Date: Mon, 31 Jan 2005 11:31:30 -0700
Reply-To: "Hurlbut, Dan" <dan.hurlbut**At_Symbol_Here**AG.STATE.CO.US>
Sender: DCHAS-L Discussion List <DCHAS-L**At_Symbol_Here**LIST.UVM.EDU>
From: "Hurlbut, Dan" <dan.hurlbut**At_Symbol_Here**AG.STATE.CO.US>
Subject: Kids demos

To whom is interested,

  My boss forwarded me an e-mail he received from your group concerning
chemistry demo at elementary schools, and so I thought I'd give you my

I agree, that doing smoke and fire demos for elementary school kids is
inappropriate.  I've been doing science demos for the last eight years at my
kids' K-8 school.  I strive to make my presentations such that the kids
understand the information they are hearing, and may be, just may be, they
go home and show mom and dad what they learned in school.  That's why I
bring things like a bowling ball, water, salt, cooking oil, pop, LifeSavers
candy, marbles.  During the presentations I tell them that some of the
principles they are seeing are the same principles some chemists use in
their everyday jobs.  There is little, if any, "magic" in my presentations.
Although, I do tell the kids how fascinated I'm that the science does what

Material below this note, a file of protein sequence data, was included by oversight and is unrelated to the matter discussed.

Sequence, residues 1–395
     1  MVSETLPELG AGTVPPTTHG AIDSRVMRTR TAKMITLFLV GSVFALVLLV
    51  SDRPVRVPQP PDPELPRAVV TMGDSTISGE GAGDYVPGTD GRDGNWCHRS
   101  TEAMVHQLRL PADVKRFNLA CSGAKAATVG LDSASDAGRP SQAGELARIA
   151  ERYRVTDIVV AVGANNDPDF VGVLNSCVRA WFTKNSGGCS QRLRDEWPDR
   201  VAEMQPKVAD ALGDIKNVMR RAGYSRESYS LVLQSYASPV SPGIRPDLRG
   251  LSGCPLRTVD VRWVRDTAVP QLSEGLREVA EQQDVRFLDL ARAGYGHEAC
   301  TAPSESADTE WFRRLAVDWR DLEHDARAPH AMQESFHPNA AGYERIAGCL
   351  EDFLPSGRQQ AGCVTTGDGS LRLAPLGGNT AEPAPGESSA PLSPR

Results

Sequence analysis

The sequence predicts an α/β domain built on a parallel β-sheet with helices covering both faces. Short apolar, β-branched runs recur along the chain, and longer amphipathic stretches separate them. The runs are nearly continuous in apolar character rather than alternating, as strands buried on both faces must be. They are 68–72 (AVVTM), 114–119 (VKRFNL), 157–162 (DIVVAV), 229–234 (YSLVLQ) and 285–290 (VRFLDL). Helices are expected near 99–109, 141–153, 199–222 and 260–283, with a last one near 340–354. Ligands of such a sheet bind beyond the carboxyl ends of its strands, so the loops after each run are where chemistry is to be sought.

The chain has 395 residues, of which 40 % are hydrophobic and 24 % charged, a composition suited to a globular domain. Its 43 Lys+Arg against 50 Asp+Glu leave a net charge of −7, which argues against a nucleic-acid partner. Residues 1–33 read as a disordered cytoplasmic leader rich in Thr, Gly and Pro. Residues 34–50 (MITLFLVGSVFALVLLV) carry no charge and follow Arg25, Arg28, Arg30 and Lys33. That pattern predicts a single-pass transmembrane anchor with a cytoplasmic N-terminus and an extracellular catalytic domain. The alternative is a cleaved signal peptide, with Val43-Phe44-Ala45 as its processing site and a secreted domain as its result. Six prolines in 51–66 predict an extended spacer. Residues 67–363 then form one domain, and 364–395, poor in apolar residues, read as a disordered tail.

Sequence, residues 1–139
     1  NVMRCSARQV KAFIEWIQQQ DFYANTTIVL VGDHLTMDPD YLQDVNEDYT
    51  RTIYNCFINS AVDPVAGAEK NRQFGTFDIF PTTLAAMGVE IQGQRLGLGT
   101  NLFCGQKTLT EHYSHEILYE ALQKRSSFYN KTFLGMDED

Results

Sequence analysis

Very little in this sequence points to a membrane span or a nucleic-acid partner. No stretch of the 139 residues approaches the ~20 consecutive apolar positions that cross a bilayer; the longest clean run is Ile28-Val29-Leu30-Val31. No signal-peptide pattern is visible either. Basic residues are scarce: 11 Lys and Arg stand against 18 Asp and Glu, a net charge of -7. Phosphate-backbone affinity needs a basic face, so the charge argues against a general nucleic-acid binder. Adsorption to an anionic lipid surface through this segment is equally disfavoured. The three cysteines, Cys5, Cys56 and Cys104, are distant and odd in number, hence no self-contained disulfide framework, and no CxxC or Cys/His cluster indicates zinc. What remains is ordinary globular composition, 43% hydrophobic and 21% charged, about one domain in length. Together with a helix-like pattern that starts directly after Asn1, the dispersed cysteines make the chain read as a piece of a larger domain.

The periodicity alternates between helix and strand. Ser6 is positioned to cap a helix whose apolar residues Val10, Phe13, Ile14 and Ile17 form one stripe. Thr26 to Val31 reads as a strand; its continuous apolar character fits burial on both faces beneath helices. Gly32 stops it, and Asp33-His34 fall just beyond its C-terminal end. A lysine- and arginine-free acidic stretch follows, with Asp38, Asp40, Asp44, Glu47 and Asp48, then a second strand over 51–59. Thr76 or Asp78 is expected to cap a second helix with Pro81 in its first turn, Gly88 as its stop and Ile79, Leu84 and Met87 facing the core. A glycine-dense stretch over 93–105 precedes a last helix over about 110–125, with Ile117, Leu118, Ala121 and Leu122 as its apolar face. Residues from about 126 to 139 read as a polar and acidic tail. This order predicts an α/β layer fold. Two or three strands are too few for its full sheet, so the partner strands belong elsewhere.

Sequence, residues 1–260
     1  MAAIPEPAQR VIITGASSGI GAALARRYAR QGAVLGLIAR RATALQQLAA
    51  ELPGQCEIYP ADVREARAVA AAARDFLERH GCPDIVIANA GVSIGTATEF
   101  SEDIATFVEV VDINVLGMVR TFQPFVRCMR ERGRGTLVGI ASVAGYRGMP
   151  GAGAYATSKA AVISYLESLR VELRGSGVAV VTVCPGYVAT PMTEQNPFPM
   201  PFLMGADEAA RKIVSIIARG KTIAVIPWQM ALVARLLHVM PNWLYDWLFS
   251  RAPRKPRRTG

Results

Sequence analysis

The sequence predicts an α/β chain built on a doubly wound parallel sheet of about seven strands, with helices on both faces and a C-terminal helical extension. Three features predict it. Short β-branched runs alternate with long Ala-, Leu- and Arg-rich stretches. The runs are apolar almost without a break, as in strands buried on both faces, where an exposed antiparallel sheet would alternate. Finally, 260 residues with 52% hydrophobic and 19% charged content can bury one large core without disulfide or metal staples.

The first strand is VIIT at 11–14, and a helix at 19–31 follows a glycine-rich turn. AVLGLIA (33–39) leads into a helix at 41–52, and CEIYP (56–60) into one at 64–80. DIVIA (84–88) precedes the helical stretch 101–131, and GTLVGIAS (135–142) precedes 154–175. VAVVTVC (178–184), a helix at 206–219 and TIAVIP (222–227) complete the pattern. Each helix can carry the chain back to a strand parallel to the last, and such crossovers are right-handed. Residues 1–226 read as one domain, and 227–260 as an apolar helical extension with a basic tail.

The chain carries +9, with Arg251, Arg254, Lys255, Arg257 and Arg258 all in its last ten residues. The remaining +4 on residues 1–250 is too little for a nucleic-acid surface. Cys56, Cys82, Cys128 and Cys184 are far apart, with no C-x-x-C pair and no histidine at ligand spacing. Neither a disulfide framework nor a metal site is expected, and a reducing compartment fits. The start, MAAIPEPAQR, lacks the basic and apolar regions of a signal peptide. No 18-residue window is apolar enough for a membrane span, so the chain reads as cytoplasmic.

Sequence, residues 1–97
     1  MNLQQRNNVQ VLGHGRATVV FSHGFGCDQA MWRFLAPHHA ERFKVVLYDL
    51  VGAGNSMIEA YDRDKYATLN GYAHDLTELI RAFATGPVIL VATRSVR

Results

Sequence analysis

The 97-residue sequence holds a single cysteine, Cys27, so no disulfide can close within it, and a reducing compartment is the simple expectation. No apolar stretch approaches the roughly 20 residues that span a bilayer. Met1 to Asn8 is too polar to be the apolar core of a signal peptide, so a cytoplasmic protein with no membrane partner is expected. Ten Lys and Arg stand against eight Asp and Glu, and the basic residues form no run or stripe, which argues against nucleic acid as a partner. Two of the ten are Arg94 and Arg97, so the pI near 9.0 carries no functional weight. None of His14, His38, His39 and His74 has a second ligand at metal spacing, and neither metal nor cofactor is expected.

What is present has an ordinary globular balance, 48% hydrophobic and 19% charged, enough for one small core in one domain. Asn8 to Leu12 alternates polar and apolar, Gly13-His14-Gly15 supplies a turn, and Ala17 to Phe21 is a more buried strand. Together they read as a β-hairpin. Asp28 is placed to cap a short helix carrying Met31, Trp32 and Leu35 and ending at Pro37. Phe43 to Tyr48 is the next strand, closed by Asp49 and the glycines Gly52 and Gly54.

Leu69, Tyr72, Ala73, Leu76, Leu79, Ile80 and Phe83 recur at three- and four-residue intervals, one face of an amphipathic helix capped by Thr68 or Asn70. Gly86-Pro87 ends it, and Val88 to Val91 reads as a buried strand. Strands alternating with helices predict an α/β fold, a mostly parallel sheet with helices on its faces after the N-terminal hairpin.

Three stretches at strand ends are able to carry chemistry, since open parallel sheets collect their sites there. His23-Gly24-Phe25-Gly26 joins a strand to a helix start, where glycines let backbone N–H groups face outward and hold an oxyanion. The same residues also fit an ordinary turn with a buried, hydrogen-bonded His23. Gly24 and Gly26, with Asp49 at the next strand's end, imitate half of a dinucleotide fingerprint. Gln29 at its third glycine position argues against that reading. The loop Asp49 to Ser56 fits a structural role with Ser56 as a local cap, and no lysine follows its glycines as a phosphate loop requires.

it does.

If you are interested, below is a general discussion of my presentations I
do at Bear Creek K-8 School in Lakewood, Colorado:

 I begin by talking about science in general and lead into chemistry.  From
there, I talk about electrons, protons, and neutrons, and then build a macro
model of a hydrogen atom using a bowling ball and the tip of a straight pin.
We then go into a discussion about static electricity and polarity.  Water,
cooking oil and salt are used to demonstrate polarity differences between
two liquids and how I use this principle at work everyday.  I then extract
table salt from cooking oil using water.  I then I may do some color
separation when we talk about the "colors in colors.", or we go into the
"Marble Problem" where I pass out pouches containing marbles and we
"collect" data for about three parameters.  Afterwards, we discuss any trend
the data shows and come with a solution to the teacher's marble problem.
To wrap up, I'll show the kids how mint LifeSavers candy act as a "carbon
dioxide" magnet by putting an entire roll into a two-liter bottle of pop and
let the fountain flow.  The entire presentation takes about an hour, and the
kids love, and the teachers appreciate it as well.

Thanks for letting me express my thoughts.

Dan Hurlbut

Daniel B. Hurlbut, Chemist
Groundwater Program
Colorado Department of Agriculture
2331 W. 31st Avenue
Denver, CO  80211
(303) 477-0014
(303) 480-9236 (fax)

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